“German Chocolate Cake” Fact or Fiction?

By Darlene Fuchs on Email

Many of my friends and colleagues over the years have questioned the absence of “German Chocolate Cake” at the many German events they attend.  I would like to once and for-all quell the misconception that this cake has anything to do with Germans.

In 1780 Dr. John Baker began producing solid cakes of chocolate, used for making sweetened chocolate drinks, in Massachusetts.   By 1849, sales of Baker’s Chocolate had spread from the Northeastern United States all the way to California, during the United States Gold Rush.  Only one kind of chocolate was sold until 1852 when employee Samuel German, an American, created a mild dark chocolate higher in sugar content.  This chocolate was called “German’s Sweet Chocolate,” in honor of the inventor.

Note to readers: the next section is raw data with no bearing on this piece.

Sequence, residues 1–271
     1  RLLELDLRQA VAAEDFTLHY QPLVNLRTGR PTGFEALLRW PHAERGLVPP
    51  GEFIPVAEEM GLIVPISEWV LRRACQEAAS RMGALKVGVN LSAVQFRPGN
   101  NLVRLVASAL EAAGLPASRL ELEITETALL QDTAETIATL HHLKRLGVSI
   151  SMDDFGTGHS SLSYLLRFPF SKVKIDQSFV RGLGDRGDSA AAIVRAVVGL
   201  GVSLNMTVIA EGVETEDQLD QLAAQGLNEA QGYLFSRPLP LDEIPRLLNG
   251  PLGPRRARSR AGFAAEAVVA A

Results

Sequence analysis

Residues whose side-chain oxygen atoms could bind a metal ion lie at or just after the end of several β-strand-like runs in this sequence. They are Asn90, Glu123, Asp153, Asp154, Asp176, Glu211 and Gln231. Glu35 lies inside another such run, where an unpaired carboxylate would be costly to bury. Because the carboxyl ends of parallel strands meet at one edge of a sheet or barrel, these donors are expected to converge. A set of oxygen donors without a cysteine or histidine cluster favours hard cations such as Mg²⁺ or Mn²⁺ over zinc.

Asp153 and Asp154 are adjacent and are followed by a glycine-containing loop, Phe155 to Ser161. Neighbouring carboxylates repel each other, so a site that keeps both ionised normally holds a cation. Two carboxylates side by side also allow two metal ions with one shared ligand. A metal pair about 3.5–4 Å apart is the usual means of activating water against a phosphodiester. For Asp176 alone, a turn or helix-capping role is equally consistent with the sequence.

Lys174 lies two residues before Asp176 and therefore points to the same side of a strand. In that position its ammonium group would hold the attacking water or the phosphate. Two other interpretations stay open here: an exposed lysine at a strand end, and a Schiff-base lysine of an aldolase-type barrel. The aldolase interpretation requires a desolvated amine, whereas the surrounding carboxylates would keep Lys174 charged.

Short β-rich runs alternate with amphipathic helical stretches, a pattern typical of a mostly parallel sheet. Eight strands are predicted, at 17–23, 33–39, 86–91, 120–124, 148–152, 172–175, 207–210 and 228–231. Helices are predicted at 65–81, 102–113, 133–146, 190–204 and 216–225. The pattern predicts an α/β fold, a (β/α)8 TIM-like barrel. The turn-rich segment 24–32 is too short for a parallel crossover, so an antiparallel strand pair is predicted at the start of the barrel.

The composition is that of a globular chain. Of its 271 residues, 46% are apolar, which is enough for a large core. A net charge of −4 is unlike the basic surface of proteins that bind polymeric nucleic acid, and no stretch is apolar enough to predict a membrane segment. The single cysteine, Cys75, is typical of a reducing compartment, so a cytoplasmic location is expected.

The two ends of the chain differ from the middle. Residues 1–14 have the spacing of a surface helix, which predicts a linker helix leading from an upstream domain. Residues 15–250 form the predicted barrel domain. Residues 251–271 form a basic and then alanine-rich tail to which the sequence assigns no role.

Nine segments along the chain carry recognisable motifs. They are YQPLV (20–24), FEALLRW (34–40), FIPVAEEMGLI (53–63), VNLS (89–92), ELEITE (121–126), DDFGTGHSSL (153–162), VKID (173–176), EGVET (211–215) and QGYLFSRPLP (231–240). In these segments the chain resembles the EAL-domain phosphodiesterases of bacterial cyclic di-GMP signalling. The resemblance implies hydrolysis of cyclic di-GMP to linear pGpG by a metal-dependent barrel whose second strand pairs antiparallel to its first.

In 1957 the first published recipe for German’s chocolate cake, submitted by a Texas homemaker, showed up in a Dallas newspaper.  It quickly gained popularity as Americans fell in love with this rich mouth-watering cake containing “German’s Sweet Chocolate” covered with a coconut and pecan frosting.  In most recipes the apostrophe and the “s” have been dropped, thus giving a false illusion of the chocolate cake’s origin.

 

Cake image by Tracy Hunter

Darlene Fuchs